Top Ten Animals Battling to Survive in Australia

With Australia Day, the official national day of Australia, coming up on 26 January WWF-Australia has announced its own Australia Day Honours list - the top ten Aussie
Battlers of 2008!

Road kills are one of the major causes of adult cassowary deaths in Australia. © WWF-Canon / Martin HARVEY

“Although our list celebrates Australian animals, it is also serves as a reminder that these Aussie Battlers need our help in order to survive,” said Kat Miller, WWF threatened species program manager.

“Without urgent action we risk losing more of the 346 animal and 1,249 plant species listed as threatened under federal legislation. Australia has the worst record of mammal extinction in the world,” Ms Miller said.

Nine per cent of birds, seven per cent of reptiles and 16 per cent of amphibians are either extinct or threatened in Australia.

“Half the mammals that have become extinct globally in the last 200 years have been Australian species. We cannot afford to let more of our unique Australian animals disappear forever,” she said.

Top of the list of Aussie Battlers is the green and gold frog. Forget the future impacts of climate change, one of Australia’s largest frogs has already had its home decimated by climate change-induced drought since 2005. Thanks to another group of Aussie Battlers, farmers in Lowbidgee, New South Wales, these patriotic frogs are getting a second chance.

Next in line is the cassowary. Being large and flightless isn’t much help when you’re crossing the road in Far North Queensland. Road kills are one of the major causes of adult cassowary deaths. With only 1,500 left in the wild can we afford to let this happen?

The green sawfish, which evolved from ancient sharks with a unique saw, lined with teeth made from modified scales, is a species of ray that looks out of place in northern Australian waters. But these animals are true blue Aussies as this may be the last place where significant numbers of green sawfish exist.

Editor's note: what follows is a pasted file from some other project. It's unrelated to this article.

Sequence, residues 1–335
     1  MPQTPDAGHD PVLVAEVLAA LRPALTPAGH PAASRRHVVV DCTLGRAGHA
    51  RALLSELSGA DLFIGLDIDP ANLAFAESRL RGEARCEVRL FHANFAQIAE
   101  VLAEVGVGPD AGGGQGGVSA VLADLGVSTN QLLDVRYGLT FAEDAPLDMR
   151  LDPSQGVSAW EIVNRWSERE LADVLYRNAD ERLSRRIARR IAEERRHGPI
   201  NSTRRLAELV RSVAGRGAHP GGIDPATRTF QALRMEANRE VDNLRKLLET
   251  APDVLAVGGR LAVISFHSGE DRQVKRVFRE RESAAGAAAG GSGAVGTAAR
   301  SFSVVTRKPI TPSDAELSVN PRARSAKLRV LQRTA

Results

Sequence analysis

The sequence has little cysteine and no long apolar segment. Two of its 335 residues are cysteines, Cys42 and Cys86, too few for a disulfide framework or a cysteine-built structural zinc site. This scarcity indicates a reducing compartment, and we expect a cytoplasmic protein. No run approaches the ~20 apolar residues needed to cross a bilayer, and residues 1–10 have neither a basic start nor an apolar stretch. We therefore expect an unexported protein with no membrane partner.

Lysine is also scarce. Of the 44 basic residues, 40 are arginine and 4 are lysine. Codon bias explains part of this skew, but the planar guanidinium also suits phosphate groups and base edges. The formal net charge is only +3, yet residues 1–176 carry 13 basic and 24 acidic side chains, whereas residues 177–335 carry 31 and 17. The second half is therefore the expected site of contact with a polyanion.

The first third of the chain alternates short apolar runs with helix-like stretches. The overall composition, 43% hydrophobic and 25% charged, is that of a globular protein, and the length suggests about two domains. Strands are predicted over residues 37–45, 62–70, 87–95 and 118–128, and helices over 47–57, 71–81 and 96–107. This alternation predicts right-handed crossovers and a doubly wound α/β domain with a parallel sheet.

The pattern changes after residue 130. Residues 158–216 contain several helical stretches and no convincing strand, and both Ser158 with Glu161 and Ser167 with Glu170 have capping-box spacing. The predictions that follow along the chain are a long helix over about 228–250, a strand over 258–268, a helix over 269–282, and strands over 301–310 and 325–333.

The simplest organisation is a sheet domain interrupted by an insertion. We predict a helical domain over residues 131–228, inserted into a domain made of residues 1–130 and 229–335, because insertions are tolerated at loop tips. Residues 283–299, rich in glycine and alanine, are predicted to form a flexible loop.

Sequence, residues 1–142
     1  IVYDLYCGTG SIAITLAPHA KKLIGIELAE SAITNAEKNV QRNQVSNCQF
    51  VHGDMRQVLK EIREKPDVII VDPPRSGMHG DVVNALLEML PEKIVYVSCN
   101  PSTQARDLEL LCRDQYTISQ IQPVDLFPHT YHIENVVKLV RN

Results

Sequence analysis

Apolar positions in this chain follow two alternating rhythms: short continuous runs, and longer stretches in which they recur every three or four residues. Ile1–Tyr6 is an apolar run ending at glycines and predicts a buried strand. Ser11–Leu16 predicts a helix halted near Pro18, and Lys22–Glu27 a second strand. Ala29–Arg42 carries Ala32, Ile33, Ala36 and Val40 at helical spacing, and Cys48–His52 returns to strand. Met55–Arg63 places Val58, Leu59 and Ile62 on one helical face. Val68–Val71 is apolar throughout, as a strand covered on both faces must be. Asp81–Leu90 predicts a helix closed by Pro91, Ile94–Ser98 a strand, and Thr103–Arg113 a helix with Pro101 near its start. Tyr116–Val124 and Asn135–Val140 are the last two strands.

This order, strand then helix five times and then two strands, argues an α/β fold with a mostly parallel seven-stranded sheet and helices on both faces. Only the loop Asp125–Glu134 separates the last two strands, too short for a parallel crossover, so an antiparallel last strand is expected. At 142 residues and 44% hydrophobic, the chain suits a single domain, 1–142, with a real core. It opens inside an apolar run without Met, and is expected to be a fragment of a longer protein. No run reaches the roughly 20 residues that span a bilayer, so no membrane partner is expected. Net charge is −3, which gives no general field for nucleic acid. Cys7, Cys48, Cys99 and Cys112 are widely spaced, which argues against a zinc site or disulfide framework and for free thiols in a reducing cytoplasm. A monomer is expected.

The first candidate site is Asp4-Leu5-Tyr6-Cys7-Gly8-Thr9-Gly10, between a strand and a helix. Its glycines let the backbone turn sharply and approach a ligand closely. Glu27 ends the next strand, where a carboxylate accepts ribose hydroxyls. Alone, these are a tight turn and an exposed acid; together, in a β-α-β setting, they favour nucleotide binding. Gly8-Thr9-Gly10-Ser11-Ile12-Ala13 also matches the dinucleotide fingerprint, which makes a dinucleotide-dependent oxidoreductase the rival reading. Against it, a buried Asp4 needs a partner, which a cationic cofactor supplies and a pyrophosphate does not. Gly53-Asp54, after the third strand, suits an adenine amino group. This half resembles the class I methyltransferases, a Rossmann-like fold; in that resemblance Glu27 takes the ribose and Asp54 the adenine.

Historically the golden fur of the beautiful yellow-footed rock wallaby was more likely to be seen on a London high street than in outback Australia. Today many other threats remain, with less than 2,000 wallabies left in South Australia and possibly less than 500 in New South Wales.

With house prices skyrocketing, spare a thought for the red-tailed black cockatoo, Official Mascot of the Melbourne 2006 Commonwealth Games. Nesting hollows in south-eastern Australia are so scarce many of these endangered birds are left out in the cold.

Living in the World Heritage Listed Kakadu National Park doesn’t necessarily protect you from outside threats such as fire and weeds. It is thought the wild population of yellow-snouted geckos could be as low as 10.

The swift parrot has the longest migration journey of any parrot in the world, travelling from southern Queensland to Tasmania each year to breed. This speedy parrot has a bad habit of not looking where it’s flying and significant numbers are killed every year due to collisions with cars and home windows. With only 2,000 left in the wild, the loss of every bird is a tragedy.

As one of the ACT’s most threatened insects, the golden sun moth is critically endangered and has a very short lifespan, living just a few days as an adult. The female travels only a few hundred metres in this time due to her limited flying ability.

What's green and gold and woolly? The woolly wattle, which is closely related to Australia's national flower, the golden wattle, occurs only in a small patch in the Southwest Australia Ecoregion. The leaves and fruit of this plant are covered entirely by dense, long, soft, white hairs, making this the cuddliest wattle around.

The bridled nailtail wallaby was named for its horn-shaped 'nail' at the tip of the tail. Although once common throughout eastern Australia, it was believed to be extinct before being rediscovered in 1973 on a cattle station near Dingo, Queensland. Back from the brink but with only 400 left in the wild these Aussie Battlers need a helping hand to survive.

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